Near and Intermediate Visual Acuity in Clinical Studies with Multifocal Intraocular Lenses

DCIVA and DCNVA are the standardized abbreviations for the measurement of visual acuity at intermediate and near distances when the patient is corrected with best spectacle correction for an infinite distance.[1] CIVA and CNVA are the abbreviations for visual acuity at intermediate and near when the patient is corrected with best spectacle correction for each of these distances.[1]

Protocols for clinical studies should be designed to include the minimum number of tests that maximize the information obtained. Failure to understand the purpose of why certain visual performance measures are taken can lead to the development of clinical trial protocols with long duration and therefore unreliable data due to patient fatigue.

Many clinical studies include visual acuity with the best near and intermediate correction (CNVA and CIVA) with multifocal intraocular lenses, even these variables are included in the international standards of Clinical Studies[2]. In our opinion, these measures are a clear example of redundant measures that increase evaluation times providing little or no additional information.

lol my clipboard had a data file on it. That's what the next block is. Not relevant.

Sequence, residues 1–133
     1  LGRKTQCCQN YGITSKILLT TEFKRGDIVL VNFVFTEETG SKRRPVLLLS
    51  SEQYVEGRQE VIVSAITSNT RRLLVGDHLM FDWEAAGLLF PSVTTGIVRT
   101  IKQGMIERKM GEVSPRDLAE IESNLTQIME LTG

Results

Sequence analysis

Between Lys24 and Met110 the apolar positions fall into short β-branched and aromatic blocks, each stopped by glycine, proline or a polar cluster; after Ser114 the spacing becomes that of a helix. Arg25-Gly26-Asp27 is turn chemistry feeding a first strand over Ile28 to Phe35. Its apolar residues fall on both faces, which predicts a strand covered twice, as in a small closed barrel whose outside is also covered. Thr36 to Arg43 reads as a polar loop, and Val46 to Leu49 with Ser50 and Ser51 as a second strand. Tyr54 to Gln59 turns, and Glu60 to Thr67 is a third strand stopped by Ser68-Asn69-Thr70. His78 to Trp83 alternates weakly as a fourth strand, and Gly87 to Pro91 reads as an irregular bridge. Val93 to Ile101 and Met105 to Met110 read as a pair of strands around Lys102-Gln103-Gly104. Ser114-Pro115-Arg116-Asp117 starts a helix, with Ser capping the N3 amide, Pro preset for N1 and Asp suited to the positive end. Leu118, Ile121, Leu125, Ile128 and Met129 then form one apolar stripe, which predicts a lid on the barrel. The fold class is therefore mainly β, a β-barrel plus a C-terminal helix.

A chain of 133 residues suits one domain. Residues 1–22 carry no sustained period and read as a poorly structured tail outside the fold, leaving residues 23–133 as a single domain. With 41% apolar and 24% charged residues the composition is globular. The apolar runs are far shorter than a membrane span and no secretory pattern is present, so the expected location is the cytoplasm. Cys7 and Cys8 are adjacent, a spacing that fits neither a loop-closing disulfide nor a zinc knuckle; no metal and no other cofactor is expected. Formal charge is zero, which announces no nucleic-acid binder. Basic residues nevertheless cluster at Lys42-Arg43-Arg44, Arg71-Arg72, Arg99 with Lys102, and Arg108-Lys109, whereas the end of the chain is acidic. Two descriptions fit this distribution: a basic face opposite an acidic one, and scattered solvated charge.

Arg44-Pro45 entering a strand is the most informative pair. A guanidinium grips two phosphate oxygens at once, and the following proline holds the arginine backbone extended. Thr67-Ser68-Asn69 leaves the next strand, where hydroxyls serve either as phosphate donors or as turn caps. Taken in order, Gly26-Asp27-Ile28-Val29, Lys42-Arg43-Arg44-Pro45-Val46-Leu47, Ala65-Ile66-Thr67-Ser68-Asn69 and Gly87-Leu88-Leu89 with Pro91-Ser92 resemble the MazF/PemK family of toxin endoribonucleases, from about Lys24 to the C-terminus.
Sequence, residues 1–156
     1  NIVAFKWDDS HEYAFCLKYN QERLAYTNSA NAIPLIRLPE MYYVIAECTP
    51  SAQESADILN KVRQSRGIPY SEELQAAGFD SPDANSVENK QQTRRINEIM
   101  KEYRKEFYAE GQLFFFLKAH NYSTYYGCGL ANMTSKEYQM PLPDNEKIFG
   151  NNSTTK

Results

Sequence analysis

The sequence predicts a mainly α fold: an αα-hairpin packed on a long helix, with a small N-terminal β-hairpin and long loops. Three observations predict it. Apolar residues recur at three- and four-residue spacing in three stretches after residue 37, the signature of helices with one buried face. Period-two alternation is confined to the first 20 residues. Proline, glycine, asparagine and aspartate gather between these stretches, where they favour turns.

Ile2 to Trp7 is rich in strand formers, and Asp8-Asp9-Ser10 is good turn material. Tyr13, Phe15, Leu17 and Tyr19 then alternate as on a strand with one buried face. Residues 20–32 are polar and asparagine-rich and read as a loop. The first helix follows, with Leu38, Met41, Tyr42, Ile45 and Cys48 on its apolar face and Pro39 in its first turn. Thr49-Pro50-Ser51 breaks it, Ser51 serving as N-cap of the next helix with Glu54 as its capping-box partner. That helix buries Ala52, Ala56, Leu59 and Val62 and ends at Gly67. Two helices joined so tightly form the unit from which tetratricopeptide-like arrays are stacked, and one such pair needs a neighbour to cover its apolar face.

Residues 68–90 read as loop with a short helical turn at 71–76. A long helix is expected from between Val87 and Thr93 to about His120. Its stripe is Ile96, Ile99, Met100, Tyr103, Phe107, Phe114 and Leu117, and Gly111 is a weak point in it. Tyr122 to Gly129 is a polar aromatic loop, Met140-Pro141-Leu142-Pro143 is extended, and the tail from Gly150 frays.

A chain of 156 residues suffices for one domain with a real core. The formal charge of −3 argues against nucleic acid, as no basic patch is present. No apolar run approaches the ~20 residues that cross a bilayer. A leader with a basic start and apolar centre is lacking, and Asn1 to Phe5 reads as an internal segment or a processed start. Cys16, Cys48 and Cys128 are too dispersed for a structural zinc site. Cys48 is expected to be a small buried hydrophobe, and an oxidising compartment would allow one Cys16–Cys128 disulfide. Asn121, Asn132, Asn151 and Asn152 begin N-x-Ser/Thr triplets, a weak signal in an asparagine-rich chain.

Why is the information redundant?

To explain why we're going to base it on the defocus curve.  In the image you can see the relationship between the positions of the defocus curve and each of these abbreviations. Figure A shows how the patient with best infinity correction will have the peak of maximum vision at 0 D on the defocus curve. The abbreviations DCIVA and DCNVA correspond to the -1.50 D (67 cm) and -2.50 D (40 cm) curve positions.


When we seek to measure the CIVA and CNVA what we do is to place the addition that optimizes the vision of the patient at intermediate and near distances, considering that the peak of best vision is at 0 D, placing an addition of +1.50 D would optimize the vision at 67 cm (Figure B) and with +2.50 D at 40 cm (Figure C), but the visual performance is the same as that obtained in the CDVA since we are measuring the visual performance provided by the same focus in different positions in a redundant way after shifting the defocus curve.

Why do CDVA, CIVA and CNVA differ in clinical studies?

Although in theory CDVA, CIVA and CNVA should be the same in clinical studies, the means may differ for several reasons, including:

  1. A 5 cm error between the patient's position and the test when the desired position is 40 cm generates a 0.25 D defocus so for the CDVA and the CIVA/CNVA to coincide there should be perfect control of the presentation distance.
  2. Other sources of bias such as the magnifying effect of positive lenses could influence the results.
  3. Using different tests for Far, Intermediate and Near: Optotypes, Lighting, etc.


  1. Dupps WJ, Kohnen T, Mamalis N, et al (2011) Standardized graphs and terms for refractive surgery results. J Refract Surg 27:7–10
  2. ISO-11979-7:2018 (2018) Ophthalmic implants - Intraocular lenses - Part 7: Clinical investigations
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